ON THE LIFE AND FICTION OF WILLIAM A.S. SARJEANT
By: Mark Sebanc
Antony Swithin (1935-2002)
William Antony Swithin (“Bill”) Sarjeant (1935-2002) was born in Sheffield, England. An only child and blessed with a vivid imaginative life nourished not only by science but by the fiction of writers like Rider Haggard, Edgar Rice Burroughs, and T.H. White, he became a professor of geology and taught at the University of Saskatchewan in Canada for some thirty years, until his death. Besides being a renowned paleontologist and historian of geology, he was also a naturalist, novelist, bibliophile, local historian, folksinger, and Sherlockian scholar- in other words, a brilliant Renaissance man, a polymath of rare and astonishing versatility.
One of his grand projects was The Perilous Quest for Lyonesse, an ambitious 12-novel cycle set in the alternative world of Rockall, an island continent that he construed as the legendary Atlantis, albeit as a place existing in another dimension. Situated northwest of the British Isles in the Atlantic Ocean and named after a tiny islet only 20 metres in size, it had sparked his fertile imagination as a child and held an enduring fascination for him. “Rockall,” he once remarked, “is for me a lifetime quest and a continuing, very beguiling dream which I delight in sharing with my readers.” The first four books of Sarjeant’s series were published under his pen-name,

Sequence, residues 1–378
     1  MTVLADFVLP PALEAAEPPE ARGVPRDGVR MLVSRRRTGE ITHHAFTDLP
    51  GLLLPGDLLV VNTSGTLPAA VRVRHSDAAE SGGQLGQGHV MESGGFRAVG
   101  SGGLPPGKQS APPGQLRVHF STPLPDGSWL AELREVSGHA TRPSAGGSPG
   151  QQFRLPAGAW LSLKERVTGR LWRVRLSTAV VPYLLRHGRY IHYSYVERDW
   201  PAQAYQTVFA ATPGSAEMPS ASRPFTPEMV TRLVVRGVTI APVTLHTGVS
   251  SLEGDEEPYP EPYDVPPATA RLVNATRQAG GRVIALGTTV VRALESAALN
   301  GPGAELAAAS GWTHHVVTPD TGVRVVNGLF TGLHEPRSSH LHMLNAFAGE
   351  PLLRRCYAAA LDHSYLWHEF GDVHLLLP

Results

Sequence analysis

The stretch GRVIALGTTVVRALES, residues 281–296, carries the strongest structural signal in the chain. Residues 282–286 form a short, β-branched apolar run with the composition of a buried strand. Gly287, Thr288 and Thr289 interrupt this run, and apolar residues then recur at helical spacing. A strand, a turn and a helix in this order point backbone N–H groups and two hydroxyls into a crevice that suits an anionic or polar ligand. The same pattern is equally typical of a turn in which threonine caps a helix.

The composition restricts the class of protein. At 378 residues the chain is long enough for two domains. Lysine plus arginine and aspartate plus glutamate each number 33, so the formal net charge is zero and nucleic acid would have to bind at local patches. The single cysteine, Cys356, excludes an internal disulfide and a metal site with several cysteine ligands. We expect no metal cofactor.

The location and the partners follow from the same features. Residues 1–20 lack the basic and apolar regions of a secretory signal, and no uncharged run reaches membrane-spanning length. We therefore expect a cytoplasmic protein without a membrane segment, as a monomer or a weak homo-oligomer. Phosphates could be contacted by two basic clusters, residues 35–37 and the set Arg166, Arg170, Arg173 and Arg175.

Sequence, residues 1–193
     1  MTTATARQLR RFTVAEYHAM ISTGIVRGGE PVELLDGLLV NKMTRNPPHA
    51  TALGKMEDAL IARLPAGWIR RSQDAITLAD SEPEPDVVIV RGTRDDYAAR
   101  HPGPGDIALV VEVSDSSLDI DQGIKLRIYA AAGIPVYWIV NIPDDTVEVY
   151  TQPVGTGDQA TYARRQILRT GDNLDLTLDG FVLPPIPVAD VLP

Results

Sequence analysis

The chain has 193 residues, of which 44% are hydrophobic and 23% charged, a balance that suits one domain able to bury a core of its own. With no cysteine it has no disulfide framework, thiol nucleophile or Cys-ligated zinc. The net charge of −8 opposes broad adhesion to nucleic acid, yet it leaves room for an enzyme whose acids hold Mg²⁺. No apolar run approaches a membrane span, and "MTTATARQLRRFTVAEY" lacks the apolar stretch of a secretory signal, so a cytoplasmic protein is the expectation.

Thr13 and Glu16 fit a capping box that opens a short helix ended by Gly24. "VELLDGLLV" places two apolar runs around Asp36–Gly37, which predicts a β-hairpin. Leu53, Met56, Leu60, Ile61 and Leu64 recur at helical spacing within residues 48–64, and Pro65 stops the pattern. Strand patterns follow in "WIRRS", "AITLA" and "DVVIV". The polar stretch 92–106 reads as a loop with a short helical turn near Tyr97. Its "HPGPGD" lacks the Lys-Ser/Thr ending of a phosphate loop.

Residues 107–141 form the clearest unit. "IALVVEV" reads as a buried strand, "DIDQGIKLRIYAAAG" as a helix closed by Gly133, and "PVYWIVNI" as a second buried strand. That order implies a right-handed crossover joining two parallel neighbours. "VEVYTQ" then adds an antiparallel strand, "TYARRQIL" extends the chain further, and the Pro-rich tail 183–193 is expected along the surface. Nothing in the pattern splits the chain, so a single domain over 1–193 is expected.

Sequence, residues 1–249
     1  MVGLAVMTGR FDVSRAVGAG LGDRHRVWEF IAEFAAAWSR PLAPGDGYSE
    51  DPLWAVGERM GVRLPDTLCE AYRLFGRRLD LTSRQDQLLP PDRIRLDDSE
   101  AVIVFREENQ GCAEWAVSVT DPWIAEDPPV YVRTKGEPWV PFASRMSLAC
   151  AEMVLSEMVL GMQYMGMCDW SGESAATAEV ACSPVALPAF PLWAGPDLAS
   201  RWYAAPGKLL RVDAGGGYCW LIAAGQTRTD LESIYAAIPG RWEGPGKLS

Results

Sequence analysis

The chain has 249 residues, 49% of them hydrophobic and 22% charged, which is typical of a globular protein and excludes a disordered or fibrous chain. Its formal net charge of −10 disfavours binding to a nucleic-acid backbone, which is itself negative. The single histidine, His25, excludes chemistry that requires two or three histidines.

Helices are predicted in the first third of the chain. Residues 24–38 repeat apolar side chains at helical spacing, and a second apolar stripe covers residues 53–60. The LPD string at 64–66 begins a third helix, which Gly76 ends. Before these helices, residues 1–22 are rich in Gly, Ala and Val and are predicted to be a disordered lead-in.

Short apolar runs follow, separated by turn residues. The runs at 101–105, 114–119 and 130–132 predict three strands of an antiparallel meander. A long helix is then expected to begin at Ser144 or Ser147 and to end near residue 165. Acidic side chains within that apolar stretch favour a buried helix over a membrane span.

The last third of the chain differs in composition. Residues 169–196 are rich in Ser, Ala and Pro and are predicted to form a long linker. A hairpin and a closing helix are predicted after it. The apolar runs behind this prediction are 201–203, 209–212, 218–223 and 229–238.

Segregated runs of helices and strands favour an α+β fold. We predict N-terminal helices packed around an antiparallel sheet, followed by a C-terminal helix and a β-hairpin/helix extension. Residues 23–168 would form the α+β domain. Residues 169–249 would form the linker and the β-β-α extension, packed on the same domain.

Antony Swithin, in the 1990s, but then further progress on the series was forestalled by his untimely death. Sarjeant’s richly conceived project has been resurrected under the editorship of Canadian novelist and independent scholar, Mark Sebanc.